Reportedly John Adam’s last words were ‘Jefferson lives’, though sadly he was already dead. However, we can say ‘Jesus lives’ and know it’s true. We know it’s true by His authority, which raised Him to new life and by which we are declared free. In His name, amen.

Sermon #834 Rev. Thomas A. Rhodes, Pastor – Zion Lutheran Church, Bolivar, MO

First Reading                                                                               Isaiah 66:10-14
10 “Rejoice with Jerusalem and be glad for her, all you who love her; rejoice greatly with her, all you who mourn over her. 11 For you will nurse and be satisfied at her comforting breasts; you will drink deeply and delight in her overflowing abundance.”
12 For this is what the Lord says:

“I will extend peace to her like a river, and the wealth of nations like a flooding stream; you will nurse and be carried on her arm and dandled on her knees. 13 As a mother comforts her child, so will I comfort you;     and you will be comforted over Jerusalem.”

14 When you see this, your heart will rejoice and you will flourish like grass; the hand of the Lord will be made known to his servants, but his fury will be shown to his foes.

 Epistle                                                                                  Galatians 6:1-10, 14-18
6 Brothers and sisters, if someone is caught in a sin, you who live by the Spirit should restore that person gently. But watch yourselves, or you also may be tempted. 2 Carry each other’s burdens, and in this way you will fulfill the law of Christ. 3 If anyone thinks they are something when they are not, they deceive themselves. 4 Each one should test their own actions. Then they can take pride in themselves alone, without comparing themselves to someone else, 5 for each one should carry their own load. 6 Nevertheless, the one who receives instruction in the word should share all good things with their instructor.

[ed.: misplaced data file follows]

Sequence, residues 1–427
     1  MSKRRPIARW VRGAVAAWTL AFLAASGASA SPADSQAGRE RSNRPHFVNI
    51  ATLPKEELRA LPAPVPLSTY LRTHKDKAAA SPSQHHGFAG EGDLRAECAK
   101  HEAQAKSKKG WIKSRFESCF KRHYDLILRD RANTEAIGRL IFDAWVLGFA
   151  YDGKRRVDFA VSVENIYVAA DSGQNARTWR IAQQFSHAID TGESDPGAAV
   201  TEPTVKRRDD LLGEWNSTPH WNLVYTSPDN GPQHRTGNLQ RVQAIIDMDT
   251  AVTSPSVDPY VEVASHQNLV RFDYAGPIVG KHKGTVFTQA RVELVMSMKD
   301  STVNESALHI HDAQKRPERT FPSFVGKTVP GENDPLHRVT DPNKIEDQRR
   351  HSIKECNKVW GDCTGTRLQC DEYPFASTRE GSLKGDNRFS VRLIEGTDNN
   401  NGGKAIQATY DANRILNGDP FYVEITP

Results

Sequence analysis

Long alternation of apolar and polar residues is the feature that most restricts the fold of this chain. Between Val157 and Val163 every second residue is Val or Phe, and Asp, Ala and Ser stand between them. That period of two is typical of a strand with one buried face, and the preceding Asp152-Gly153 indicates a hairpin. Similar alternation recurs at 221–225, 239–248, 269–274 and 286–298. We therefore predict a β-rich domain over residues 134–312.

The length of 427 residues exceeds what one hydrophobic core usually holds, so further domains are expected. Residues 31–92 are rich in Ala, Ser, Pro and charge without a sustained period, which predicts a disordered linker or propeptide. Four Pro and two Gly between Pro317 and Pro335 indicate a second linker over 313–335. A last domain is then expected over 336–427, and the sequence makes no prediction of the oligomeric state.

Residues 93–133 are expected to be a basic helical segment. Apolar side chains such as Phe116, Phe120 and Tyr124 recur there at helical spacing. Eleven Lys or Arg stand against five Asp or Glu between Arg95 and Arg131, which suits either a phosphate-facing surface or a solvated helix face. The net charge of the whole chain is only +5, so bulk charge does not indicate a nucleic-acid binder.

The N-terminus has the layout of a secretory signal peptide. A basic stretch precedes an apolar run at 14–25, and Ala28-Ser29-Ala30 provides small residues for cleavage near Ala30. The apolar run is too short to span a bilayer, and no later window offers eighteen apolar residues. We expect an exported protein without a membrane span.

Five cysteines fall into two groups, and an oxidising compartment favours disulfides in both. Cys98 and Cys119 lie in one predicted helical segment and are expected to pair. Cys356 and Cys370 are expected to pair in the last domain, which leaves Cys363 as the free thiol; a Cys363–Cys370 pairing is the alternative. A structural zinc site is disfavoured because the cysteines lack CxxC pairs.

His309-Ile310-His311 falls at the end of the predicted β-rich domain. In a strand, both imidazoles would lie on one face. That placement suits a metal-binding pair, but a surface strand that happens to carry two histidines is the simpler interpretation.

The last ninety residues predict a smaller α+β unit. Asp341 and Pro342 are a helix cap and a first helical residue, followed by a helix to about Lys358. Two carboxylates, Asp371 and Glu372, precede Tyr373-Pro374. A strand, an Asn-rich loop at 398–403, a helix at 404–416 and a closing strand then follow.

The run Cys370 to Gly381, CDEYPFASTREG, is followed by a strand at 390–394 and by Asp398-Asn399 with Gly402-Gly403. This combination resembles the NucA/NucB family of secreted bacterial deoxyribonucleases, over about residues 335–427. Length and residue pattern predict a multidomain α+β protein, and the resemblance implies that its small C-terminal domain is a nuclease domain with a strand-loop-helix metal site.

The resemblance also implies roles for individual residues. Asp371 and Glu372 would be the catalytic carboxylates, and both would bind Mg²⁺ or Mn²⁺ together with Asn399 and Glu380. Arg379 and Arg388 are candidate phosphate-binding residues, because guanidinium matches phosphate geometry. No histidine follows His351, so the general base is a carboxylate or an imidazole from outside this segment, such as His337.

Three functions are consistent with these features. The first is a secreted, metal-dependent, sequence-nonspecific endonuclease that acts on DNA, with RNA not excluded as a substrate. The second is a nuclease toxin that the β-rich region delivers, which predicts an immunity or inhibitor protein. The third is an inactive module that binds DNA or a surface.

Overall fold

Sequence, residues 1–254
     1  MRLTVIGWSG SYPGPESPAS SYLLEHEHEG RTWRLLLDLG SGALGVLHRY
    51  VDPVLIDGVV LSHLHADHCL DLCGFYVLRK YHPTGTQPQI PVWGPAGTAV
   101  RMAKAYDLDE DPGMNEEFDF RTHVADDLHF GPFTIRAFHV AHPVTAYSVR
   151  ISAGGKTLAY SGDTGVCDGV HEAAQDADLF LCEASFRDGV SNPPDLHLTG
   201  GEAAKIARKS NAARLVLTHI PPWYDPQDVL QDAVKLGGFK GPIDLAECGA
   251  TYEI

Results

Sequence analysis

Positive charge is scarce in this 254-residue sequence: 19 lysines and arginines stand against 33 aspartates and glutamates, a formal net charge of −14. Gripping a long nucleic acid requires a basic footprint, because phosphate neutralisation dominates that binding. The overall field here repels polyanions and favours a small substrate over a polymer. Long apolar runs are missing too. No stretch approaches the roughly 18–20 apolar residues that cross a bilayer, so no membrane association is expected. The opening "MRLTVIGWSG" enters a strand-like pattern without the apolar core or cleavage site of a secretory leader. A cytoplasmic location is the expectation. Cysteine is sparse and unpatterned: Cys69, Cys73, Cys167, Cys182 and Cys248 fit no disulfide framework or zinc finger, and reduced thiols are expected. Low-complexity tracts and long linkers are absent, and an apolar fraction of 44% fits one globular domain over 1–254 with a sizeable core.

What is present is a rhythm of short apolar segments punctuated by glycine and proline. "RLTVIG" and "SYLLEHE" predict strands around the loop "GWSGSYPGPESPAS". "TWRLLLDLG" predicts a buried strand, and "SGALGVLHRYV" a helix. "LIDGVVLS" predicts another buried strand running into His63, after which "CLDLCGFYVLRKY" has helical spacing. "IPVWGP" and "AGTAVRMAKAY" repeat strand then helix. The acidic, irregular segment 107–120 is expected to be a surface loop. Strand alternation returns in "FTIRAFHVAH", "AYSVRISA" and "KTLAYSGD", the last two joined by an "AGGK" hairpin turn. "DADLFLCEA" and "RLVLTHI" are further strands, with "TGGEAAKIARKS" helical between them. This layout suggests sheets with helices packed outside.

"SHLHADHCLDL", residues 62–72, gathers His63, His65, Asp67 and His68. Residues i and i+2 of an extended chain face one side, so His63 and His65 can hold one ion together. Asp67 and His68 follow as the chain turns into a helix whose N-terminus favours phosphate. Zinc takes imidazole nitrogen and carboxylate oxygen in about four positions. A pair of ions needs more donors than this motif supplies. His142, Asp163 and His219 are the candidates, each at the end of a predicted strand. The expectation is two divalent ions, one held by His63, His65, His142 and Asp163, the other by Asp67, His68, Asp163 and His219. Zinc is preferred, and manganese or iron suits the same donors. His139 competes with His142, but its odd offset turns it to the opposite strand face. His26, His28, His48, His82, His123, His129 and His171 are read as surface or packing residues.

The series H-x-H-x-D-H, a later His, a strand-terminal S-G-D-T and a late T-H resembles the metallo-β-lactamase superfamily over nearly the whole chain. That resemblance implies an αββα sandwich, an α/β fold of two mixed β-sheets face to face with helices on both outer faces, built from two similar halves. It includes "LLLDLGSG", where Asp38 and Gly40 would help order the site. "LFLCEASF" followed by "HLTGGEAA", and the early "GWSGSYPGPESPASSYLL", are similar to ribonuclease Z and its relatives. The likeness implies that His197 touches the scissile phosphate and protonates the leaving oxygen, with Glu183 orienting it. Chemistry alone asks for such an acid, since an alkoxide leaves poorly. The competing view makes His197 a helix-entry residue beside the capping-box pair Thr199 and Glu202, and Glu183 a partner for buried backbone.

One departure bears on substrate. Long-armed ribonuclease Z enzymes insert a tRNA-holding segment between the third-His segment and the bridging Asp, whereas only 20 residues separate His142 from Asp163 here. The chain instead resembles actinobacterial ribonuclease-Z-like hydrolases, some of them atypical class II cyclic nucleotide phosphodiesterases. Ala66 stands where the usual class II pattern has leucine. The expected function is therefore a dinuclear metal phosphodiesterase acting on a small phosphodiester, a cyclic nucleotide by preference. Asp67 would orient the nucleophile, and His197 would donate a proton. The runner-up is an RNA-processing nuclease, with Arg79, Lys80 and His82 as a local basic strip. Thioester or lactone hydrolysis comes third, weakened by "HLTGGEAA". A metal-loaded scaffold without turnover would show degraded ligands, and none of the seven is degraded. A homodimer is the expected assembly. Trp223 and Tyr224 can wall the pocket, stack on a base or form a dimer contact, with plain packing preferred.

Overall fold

7 Do not be deceived: God cannot be mocked. A man reaps what he sows. 8 Whoever sows to please their flesh, from the flesh will reap destruction; whoever sows to please the Spirit, from the Spirit will reap eternal life. 9 Let us not become weary in doing good, for at the proper time we will reap a harvest if we do not give up. 10 Therefore, as we have opportunity, let us do good to all people, especially to those who belong to the family of believers.

14 May I never boast except in the cross of our Lord Jesus Christ, through which the world has been crucified to me, and I to the world. 15 Neither circumcision nor uncircumcision means anything; what counts is the new creation. 16 Peace and mercy to all who follow this rule—to the Israel of God.
17 From now on, let no one cause me trouble, for I bear on my body the marks of Jesus.
18 The grace of our Lord Jesus Christ be with your spirit, brothers and sisters. Amen.

Holy Gospel                                                                                        Luke 10:1-20
10 After this the Lord appointed seventy-two others and sent them two by two ahead of him to every town and place where he was about to go. 2 He told them, “The harvest is plentiful, but the workers are few. Ask the Lord of the harvest, therefore, to send out workers into his harvest field. 3 Go! I am sending you out like lambs among wolves. 4 Do not take a purse or bag or sandals; and do not greet anyone on the road.

5 “When you enter a house, first say, ‘Peace to this house.’ 6 If someone who promotes peace is there, your peace will rest on them; if not, it will return to you. 7 Stay there, eating and drinking whatever they give you, for the worker deserves his wages. Do not move around from house to house.

8 “When you enter a town and are welcomed, eat what is offered to you. 9 Heal the sick who are there and tell them, ‘The kingdom of God has come near to you.’ 10 But when you enter a town and are not welcomed, go into its streets and say, 11 ‘Even the dust of your town we wipe from our feet as a warning to you. Yet be sure of this: The kingdom of God has come near.’ 12 I tell you, it will be more bearable on that day for Sodom than for that town.

13 “Woe to you, Chorazin! Woe to you, Bethsaida! For if the miracles that were performed in you had been performed in Tyre and Sidon, they would have repented long ago, sitting in sackcloth and ashes. 14 But it will be more bearable for Tyre and Sidon at the judgment than for you. 15 And you, Capernaum, will you be lifted to the heavens? No, you will go down to Hades.